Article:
The analysis also takes a look at Warren’s plans to increase fines and penalties for corporate wrongdoing and absolve Puerto Rico of its debt, the result of decades of economic decline, heavy borrowing, and predatory loan practices. Both would potentially spell trouble for UBS, which still has outstanding litigation regarding its role in selling risky mortgage-backed securities during the 2008 financial crisis. As the most prominent participant in the Puerto Rico wealth management industry, UBS was the largest broker-dealer of loans on the island. (The Securities and Exchange Commission fined UBS $34 million in 2015 for its failure to supervise loans there.)
Barclays’ analysts don’t attempt to advise investors on how to vote or predict the outcome of the election, but they do try to evaluate the likelihood of Warren’s plans being enacted under her presidency. While a number of them—such as her proposal to strengthen certain types of leveraged lending—could be achieved without congressional approval, many of her most ambitious ones would require the support of Congress. Barclay’s examines which of her proposed policies would have potentially highest impact on the financial sector and the two that rank the highest are breaking up big banks—Warren calls for banks to separate their commercial arms that manage regular accounts from those that oversee high-risk investment—and canceling student debt.
The analysts offer one note of reassurance: Swiss banks needn’t worry about a potential repeal of the 2017 Tax Cuts and Jobs Act—better known as the Trump Tax Cuts. That’s not, however, because of its benefits to the rich. Though the banks initially viewed the new tax law as a “potential positive” thanks to lower taxation on US profits and greater wealth accumulation among its already wealthy clients, after two years they haven’t seen “a material change” in their tax or investment rates.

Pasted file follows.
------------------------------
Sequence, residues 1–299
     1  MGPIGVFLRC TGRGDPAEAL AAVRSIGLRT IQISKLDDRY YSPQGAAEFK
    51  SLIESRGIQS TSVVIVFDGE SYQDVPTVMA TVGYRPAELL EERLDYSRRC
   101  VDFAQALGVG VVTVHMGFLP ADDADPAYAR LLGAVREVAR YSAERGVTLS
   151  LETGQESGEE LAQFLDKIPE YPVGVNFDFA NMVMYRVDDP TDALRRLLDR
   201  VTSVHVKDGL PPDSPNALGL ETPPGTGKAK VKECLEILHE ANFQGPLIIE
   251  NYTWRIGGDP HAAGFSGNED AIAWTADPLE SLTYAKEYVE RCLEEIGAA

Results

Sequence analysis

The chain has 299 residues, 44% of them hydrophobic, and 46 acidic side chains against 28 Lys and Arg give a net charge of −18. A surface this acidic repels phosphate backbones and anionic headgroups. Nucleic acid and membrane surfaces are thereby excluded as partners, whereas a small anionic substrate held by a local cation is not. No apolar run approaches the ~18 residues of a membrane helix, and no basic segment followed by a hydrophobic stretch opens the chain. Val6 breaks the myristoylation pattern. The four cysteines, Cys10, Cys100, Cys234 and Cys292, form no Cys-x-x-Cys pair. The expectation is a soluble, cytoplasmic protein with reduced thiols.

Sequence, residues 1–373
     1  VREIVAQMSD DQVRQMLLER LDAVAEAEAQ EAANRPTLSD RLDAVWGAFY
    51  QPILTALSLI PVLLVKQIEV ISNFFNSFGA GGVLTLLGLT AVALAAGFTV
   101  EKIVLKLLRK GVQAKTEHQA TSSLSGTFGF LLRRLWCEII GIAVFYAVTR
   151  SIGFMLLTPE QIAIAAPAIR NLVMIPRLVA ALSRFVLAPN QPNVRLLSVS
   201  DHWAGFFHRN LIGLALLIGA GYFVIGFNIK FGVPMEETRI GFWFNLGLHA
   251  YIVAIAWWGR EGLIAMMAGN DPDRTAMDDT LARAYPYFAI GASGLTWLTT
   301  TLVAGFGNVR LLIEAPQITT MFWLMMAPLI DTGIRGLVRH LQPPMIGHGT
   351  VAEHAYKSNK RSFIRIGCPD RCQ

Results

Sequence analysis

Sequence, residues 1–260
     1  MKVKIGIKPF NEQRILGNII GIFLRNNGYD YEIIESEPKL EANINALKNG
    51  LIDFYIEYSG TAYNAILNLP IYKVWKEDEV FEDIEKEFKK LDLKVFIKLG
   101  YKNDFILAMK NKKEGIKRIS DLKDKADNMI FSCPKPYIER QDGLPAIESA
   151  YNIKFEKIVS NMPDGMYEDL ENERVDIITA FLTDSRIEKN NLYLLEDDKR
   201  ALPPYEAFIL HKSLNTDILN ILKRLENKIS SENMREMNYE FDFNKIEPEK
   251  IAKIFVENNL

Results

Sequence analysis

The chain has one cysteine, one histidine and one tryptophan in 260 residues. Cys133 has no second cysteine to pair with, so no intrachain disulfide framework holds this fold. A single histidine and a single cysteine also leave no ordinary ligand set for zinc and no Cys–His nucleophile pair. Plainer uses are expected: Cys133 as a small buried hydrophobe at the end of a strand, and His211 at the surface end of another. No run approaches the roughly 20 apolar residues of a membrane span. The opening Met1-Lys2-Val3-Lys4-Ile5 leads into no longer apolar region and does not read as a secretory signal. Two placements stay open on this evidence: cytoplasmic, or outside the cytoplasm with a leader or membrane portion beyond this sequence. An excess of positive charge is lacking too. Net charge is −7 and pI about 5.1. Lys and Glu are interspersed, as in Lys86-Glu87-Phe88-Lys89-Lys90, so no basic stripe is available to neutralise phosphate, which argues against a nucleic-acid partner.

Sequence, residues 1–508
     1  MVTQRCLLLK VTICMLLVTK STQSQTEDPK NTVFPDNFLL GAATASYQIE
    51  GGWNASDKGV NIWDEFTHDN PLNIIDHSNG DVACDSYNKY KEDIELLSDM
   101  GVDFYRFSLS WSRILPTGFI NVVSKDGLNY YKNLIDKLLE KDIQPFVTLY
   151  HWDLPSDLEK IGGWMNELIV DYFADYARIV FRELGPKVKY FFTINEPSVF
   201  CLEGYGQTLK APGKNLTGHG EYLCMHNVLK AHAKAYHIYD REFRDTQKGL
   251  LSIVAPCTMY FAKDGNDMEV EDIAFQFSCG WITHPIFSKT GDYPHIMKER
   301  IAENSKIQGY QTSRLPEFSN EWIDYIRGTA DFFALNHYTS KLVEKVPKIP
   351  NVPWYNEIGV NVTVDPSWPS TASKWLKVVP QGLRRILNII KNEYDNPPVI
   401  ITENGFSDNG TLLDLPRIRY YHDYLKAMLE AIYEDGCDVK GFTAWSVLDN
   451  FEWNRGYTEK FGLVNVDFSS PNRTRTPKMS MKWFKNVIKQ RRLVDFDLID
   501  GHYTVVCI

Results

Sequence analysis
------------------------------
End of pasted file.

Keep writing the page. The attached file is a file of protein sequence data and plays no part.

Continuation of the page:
None of this, of course, will be any sort of deterrent to Warren, whose message has centered on challenging Wall Street’s influence in Washington. In fact, Warren fired a warning shot against Barclays with a 2012 Washington Post op-ed when she decried its role in the Libor scandal, an international price-fixing scheme in which banks falsely manipulated their interest rates in order to increase their profits and perceptions of creditworthiness. “Barclays padded its bottom line by taking money from everyone else,” she wrote. “It won when it shouldn’t have won—and others lost when they shouldn’t have lost.”
Her concerns about winners and losers has informed her entire presidential campaign. As she wrote in a July Medium post announcing her “economic patriotism” plan—which includes many of the proposals the Barclay’s report evaluates—she was making “a commitment to fundamentally change the government’s approach to the economy so we put American workers and middle-class prosperity ahead of multinational profits and Wall Street bonuses.”